“Skin Tight,” Ohio Players
“We’re Gettin’ Too Close,” The Soul Children
“Wild and Free,” Curtis Mayfield
“After The Love Has Gone,” Earth, Wind & Fire
“Back in Baby’s Arms,” Allen Toussaint
“Don’t Let Me Be Lonely Tonight,” The Isley Brothers
“Don’t Take My Sunshine,” The Soul Children
“How Could I Let You Get Away,” The Spinners
“I’ll Be Around,” The Spinners
“Push Me Away,” The Jacksons
“Stay With Me,” Shirley Brown
“The Thrill Is Gone,” Aretha Franklin
(via Dangerous Minds)
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On Saturday night, Bruce Springsteen opened his Brooklyn show with this Prince cover.
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In 1999, my old pal Gil Kaufman interviewed Prince for the pioneering Web magazine Addicted to Noise. Today at Billboard, Gil writes about his five minutes with Prince:
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No one else was in the room, so I was clearly next. But I had to wait for this dude to … stop dancing around the coffee table with Prince. Man, they were both pretty into it. "It’s really not a great dance song," I thought more than once as the boogeying just went on, and on. Once you started it, it seemed like it would have been hard to just stop.
It was all pretty goofy. The publicist whispered the guy’s name and affiliation into my ear as I stared down at my long list of questions and notes, reminding myself to be cool. Not sure why she did that. But... man, the dancing. I just couldn’t see myself doing that. It’s a calculated choice you make. Dance and maybe you get that extra, extra couple of minutes. Don’t dance and you potentially score one to two stock answers before getting yanked or your clock freezes at exactly five minutes and there's no chance to go into bonus time. I didn’t dance. I sort of nodded my head a bit, respectfully, but not too much.
Like that scene in every '80s movie where the needle scratches and the room goes dead silent, the volume dropped hard and Prince looked over at me.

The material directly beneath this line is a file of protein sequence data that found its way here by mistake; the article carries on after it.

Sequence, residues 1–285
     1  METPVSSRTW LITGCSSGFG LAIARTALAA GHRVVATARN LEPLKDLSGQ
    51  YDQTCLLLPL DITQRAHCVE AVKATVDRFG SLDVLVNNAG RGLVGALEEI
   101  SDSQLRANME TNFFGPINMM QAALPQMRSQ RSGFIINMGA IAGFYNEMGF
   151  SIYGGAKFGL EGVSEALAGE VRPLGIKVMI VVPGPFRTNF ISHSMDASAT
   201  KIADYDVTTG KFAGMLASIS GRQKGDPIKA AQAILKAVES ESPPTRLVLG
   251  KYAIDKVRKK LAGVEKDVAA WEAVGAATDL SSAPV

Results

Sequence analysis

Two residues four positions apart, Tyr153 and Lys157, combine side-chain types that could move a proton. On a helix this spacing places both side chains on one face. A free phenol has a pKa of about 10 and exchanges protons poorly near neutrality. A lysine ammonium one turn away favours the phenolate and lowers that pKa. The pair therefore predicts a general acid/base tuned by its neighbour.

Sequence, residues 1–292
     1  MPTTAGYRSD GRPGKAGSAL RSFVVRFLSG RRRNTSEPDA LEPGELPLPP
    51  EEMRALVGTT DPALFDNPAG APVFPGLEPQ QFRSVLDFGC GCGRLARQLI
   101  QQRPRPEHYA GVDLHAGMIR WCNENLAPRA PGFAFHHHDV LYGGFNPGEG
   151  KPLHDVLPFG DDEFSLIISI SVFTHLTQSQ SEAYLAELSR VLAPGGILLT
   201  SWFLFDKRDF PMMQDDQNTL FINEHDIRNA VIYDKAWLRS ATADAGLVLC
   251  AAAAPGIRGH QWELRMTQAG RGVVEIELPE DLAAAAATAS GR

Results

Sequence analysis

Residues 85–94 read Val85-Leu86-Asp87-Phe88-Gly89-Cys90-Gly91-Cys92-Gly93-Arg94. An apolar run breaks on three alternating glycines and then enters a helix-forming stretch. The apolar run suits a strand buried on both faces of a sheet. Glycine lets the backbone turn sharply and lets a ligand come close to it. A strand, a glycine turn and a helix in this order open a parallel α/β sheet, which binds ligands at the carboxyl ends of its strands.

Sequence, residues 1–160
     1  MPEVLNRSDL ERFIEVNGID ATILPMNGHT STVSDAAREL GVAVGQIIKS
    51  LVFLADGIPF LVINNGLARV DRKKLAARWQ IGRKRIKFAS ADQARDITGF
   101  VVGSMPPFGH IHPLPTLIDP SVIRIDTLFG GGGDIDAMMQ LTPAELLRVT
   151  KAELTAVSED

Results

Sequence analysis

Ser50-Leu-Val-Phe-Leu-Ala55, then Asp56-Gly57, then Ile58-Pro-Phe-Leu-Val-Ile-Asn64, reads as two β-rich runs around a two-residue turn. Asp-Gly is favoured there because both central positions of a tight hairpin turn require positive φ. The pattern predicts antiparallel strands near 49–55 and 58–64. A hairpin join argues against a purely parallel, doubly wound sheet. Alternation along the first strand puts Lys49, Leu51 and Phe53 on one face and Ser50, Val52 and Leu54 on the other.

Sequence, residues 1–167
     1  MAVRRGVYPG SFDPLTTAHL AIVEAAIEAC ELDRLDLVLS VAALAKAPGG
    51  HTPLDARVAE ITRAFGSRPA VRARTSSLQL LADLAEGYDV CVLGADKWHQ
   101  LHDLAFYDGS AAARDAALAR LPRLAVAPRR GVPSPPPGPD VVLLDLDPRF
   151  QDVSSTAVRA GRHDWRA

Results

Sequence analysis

"You don’t like this one?" he said, implying that my non-dancing was an offense of the highest order.
For decades, Greg Dulli of The Afghan Whigs and Twilight Singers has masterfully woven Prince lyrics and melodies into almost every live performance, frequently closing shows with the final strains of "Purple Rain." Dulli has name checked that album as being his favorite record of all time. Dig if you will the intense 2009 cover above of "When Doves Cry" recorded by Dulli's Twilight Singers and Prince's former lover/co-star Apollonia for a special 25th anniversary Purple Rain tribute produced by Spin magazine.
From an interview with Dulli at The Quietus from 2014:
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My life is kinda pre-Purple Rain/post-Purple Rain. I had already been a fan of Prince before that. 1999 was when I really got in. I heard 1999 and I went back and got Dirty Mind and Controversy. I saw the 1999 tour. 1999 is a very synthy album, but when I saw him in concert, he was playing a lot of guitar, and he's really good. I wasn't fully prepared for that. There's parts of Controversy that have guitar but nothing prepared me for the guitar playing on Purple Rain. From start to finish, from the first song to the last song, it's one of the greatest records I have ever heard. There's nine songs, they're all great. They're all different. The first song that everybody heard from that record was 'When Doves Cry'. There's no bass on it. It's really a strange, avant-garde hit song. Sort of like in the way 'Hey Ya' was. 'Hey Ya' was such a weird song.
Footage from the August 1983 concert at Minneapolis' famed First Avenue club when Prince (1958-2016) debuted the magnificent 13-minute original version of Purple Rain - with an additional third verse - that was later edited and overdubbed for the Purple Rain album. This was also guitarist Wendy Melvoin's first performance with The Revolution. (Apologies that the video host's Flash-based widget won't work on some mobile browsers.) Read the rest
Amazing entertainer Prince Rogers Nelson has passed away, at the age of 57.
The Atlantic reports:
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His body was discovered at his compound in Paisley Park in Chanhassen, Minnesota, early Thursday. The cause of death is unknown, though Prince had been hospitalized last week. TMZ, which first reported the singer’s death, said Prince’s representatives had at the time said he’d been battling the flu.
Born Prince Rogers Nelson in Minneapolis, the musician became a superstar after the release in 1982 of his album 1999. But it is his iconic release, Purple Rain, released in 1984, for which he’s probably best known.
Footage from the August 1983 concert at Minneapolis' famed First Avenue club when Prince debuted the magnificent 13-minute original version of Purple Rain - with an additional third verse - that was later edited and overdubbed for the Purple Rain album. This was also guitarist Wendy Melvoin's first performance with The Revolution. Watch it now before his lawyers have it yanked again! (Apologies that the video host's Flash-based widget won't work on some mobile browsers.) Read the rest